Recommendations made by Stephen J Rapp, US Ambassador at Large, War Crimes Issues&the extent of their implementations by the International Crimes Tribunal and the Government of Bangladesh

28 Nov

 
 

 
 

Recommendations made by Stephen J Rapp, US Ambassador at Large, War Crimes Issues

&

the extent of their implementations by the International Crimes Tribunal and the Government of Bangladesh

 
 

Sl. No.

Recommendations by Ambassador Rapp on 21 March 2011 

Extent of Implementation

1. 

Incorporate provisions for appeal against interlocutory orders 

No amendments were made to the Rules or the Act.

2. 

Incorporate provisions to adopt the ICC Elements of Crime 

No amendments were made to the Rules or Act.

3. 

Accused should be ensured rights under Part III of the ICCPR

Some amendments were made to the Rules or the Act to incorporate provisions of the ICCPR (Part III).

  • Presumption of Innocence (Rule 43(4) of the Rules)
  • Double jeopardy (Rule 43(3))
  • Right to a fair hearing (Rule 43(4))
  • Privilege of not having to testify against oneself (Rule 43(7))

Note: No provision has been made for appointing counsel of one’s own choosing.

4. 

Provisions regulating the detention of the accused. Ambassador Rapp cited examples from the ICTY And ICTR where an accused cannot be detained for more than 90 days before indictment.

Amendments were made to Rule 9(5) of the Rules stating that after an accused has been in custody for 1 (one) year without the investigation being concluded the accused could be detained in custody for a further period of 6 (six) months on exception circumstances. However, there is no right of bail after this period of 6 months expires.

 
 

This amendment has practically been of no benefit. When after the expiry of one year in relation to 4 (four) accused, counsel argued that the prosecution had failed to show any exceptional circumstances, the Tribunal observed that going through the ‘voluminous documents’ collected by the Investigators would constitute exceptional circumstances. Hence, the period of detention was extended beyond one year.

 
 

 
 

When defence argued that the issue of voluminous documents could not constitute exceptional grounds and even if it did it had not been raised by the Prosecution itself, the Tribunal stated that there was no need for Prosecution to raise the issue of ‘voluminous documents’. It was sufficient that the Tribunal ‘perceived’ that there was an exceptional circumstance in the form of voluminous documents.

5. 

Incorporate provisions to regulate questioning of suspects and accused (similar to those in the Rules42, 43, 63, 90(e) and 95 of the ICTR.

No amendments were made to the Rules or the Act in line with these provisions of the ICTR.

 
 

However, the following amendments were made to the Rules in 2011 to show token compliance with Ambassador Rapp’s recommendations-

 
 

Rule 53 gives absolute discretion to the Tribunal as to how evidence shall be recorded.

 
 

Rule 24(1A) allows for counsel for the accused to be present during a confession. Counsel is however prevented by the Rules from objecting to coercion

 
 

Rule 56(3) provides that statements made before the investigators are not admissible in evidence unless they lead to the discovery of incriminating material.

6. 

Incorporate provisions for release of accused during the pendency of proceedings (similar to Rule 65 of ICTY Rules)

No amendments were made to the Rules or the Act for implementing the provisions of Rule 65 of the ICTY Rules.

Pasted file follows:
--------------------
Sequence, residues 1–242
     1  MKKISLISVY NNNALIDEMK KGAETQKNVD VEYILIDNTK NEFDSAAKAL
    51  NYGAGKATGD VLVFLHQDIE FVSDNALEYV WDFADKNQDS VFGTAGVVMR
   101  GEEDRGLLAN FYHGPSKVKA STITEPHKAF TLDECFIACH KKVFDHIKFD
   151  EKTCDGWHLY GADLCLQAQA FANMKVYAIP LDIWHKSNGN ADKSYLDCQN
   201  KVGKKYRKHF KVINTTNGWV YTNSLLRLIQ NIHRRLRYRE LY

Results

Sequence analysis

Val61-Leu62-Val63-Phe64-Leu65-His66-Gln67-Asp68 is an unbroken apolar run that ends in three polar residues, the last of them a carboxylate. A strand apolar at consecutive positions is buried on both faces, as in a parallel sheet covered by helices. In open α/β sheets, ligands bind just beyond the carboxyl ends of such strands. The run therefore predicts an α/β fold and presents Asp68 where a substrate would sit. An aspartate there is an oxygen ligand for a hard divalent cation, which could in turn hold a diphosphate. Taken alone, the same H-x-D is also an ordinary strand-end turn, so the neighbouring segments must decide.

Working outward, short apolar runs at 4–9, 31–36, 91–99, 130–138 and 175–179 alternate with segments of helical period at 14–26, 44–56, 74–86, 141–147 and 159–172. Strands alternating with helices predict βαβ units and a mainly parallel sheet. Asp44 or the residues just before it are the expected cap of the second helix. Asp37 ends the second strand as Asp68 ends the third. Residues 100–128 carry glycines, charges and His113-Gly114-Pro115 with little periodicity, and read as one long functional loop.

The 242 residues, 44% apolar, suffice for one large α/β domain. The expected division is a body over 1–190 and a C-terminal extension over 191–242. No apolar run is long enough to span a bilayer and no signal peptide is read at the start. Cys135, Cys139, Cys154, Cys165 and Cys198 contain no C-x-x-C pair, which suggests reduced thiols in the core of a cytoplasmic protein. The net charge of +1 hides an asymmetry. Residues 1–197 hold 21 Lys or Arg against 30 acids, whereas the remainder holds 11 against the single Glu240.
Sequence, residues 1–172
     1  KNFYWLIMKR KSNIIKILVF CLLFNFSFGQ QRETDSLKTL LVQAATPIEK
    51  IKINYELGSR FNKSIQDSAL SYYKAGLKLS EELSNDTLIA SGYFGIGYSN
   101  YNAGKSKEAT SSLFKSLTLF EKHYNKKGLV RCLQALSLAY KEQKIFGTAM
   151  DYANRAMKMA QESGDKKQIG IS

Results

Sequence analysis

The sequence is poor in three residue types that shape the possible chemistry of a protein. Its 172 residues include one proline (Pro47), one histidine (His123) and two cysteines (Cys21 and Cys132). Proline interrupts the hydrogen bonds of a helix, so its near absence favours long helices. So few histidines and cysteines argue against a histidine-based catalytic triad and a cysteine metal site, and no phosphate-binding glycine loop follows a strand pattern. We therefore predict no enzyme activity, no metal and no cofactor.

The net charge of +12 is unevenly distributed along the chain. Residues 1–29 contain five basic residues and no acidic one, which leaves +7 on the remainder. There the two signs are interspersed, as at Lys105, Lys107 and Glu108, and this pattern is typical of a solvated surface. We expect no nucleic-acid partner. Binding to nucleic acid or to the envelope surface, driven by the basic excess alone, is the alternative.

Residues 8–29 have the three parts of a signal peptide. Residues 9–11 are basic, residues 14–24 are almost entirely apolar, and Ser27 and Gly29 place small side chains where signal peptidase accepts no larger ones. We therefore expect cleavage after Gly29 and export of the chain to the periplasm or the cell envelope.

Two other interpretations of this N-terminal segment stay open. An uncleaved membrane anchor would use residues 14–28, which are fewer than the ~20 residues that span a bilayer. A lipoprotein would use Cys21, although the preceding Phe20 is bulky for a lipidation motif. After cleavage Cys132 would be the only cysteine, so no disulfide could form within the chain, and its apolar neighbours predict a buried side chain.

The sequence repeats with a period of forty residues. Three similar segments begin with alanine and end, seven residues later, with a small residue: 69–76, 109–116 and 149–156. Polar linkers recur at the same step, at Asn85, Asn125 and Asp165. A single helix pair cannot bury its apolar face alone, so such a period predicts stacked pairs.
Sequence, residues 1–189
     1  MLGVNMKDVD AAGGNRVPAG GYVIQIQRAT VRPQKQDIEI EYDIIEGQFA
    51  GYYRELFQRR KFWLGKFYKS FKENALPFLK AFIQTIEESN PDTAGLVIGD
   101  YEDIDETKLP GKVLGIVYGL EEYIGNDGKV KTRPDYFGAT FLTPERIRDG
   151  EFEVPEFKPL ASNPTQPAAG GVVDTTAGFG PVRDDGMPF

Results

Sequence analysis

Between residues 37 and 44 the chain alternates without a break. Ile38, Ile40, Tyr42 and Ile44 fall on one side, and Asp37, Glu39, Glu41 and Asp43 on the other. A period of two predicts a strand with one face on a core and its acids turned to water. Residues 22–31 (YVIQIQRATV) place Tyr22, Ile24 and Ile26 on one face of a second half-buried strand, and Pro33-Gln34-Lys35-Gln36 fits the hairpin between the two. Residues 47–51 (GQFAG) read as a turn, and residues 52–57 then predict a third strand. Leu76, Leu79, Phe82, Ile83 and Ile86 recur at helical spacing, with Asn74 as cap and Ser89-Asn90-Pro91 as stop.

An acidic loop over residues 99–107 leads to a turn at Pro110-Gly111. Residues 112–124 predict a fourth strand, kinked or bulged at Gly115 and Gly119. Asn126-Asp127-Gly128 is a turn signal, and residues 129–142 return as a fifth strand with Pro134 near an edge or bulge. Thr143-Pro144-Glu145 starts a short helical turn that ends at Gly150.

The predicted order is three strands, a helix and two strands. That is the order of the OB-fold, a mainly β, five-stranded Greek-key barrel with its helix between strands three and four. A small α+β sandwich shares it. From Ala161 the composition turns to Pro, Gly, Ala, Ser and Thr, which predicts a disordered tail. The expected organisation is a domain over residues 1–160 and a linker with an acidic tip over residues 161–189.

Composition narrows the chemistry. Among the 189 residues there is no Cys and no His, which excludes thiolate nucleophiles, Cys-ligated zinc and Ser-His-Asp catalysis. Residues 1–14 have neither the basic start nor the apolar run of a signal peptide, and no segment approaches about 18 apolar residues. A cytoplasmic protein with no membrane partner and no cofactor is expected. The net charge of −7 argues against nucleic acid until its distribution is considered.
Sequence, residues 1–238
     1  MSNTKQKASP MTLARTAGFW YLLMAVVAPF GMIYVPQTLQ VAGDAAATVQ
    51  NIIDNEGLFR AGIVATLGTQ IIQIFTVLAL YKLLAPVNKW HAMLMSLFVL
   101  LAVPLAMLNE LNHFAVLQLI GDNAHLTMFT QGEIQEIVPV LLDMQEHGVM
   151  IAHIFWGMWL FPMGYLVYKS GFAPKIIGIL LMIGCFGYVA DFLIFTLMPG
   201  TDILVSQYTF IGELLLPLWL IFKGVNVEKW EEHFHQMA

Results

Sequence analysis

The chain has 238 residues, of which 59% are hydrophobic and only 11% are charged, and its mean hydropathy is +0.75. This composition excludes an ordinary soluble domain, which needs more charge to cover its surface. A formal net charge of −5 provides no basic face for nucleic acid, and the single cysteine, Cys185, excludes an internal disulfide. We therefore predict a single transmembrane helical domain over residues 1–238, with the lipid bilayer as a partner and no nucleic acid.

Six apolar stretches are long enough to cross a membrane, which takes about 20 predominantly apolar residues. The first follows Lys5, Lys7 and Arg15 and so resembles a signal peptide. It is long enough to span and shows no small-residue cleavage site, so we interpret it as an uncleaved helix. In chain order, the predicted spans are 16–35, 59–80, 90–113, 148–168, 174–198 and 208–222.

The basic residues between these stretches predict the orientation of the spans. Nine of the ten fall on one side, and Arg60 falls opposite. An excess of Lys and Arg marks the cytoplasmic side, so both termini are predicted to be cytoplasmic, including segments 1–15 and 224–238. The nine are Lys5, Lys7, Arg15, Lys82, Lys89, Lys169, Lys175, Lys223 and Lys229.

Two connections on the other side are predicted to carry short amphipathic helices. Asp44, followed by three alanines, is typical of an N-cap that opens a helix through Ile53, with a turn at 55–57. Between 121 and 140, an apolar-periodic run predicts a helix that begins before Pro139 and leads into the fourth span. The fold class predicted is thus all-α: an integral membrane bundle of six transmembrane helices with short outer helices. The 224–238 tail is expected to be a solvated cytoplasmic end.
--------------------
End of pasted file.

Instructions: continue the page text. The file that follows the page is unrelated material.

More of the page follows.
(Rule 34(3) tries to make a provision in line with Ambassador Rapp’s recommendation but gives to much discretion to the Tribunal. The conditions on which bail may be given have not been identified, and hence are of no use to the accused.)

7. 

Incorporate provisions for the disclosure of exculpatory material by the prosecution. Incorporate Rules similar to Rule 77-80 and 84 of the ICC Rules

No amendments were made to the Rules or the Act to incorporate these provisions of the ICC Rules.

8. 

Incorporate Rules for presumption of innocence and burden of proof on prosecution

Rule 43(2) provides for presumption of innocence.

 
 

Rule 50 provides that the burden of proof is on the prosecution. However, under Rule 51 the burden of proving an alibi is on the defence. 

9. 

Incorporate provisions for witness protection  

Rule 58A has incorporated provisions for witness protection.

10. 

Visas to be granted to foreign counsel whose advice is being sought  

Toby Cadman of 9 Bedford Row International, London who is advising the defence team was denied visa for entry into Bangladesh on 5 August 2011

 
 

The defence team relies heavily on the advice of three British lawyers – Steven Kay QC, John Cammegh and Toby Cadman – who have been engaged to assist the defence team in matters of trial. All three foreign counsel have been ‘black-listed’ by the Ministry of Home Affairs and will not be allowed to enter the country.

 
 

 
 

__________________________________________________

Act‘ refers to the International Crimes (Tribunals) Act, 1973.

Rules‘ refers to the International Crimes Tribunals Rule of Procedure, 2010.

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One Response to “Recommendations made by Stephen J Rapp, US Ambassador at Large, War Crimes Issues&the extent of their implementations by the International Crimes Tribunal and the Government of Bangladesh”

  1. Miah Seraj November 28, 2011 at 8:23 pm #

    This is totally unacceptable to a Human who has a little common sense. Only one Eyed trial is going on to make INDIA happy. India wants a civil war in our country to create a reason for intercession of Indian Army SADLY like neiboring Shikim & Buttan.

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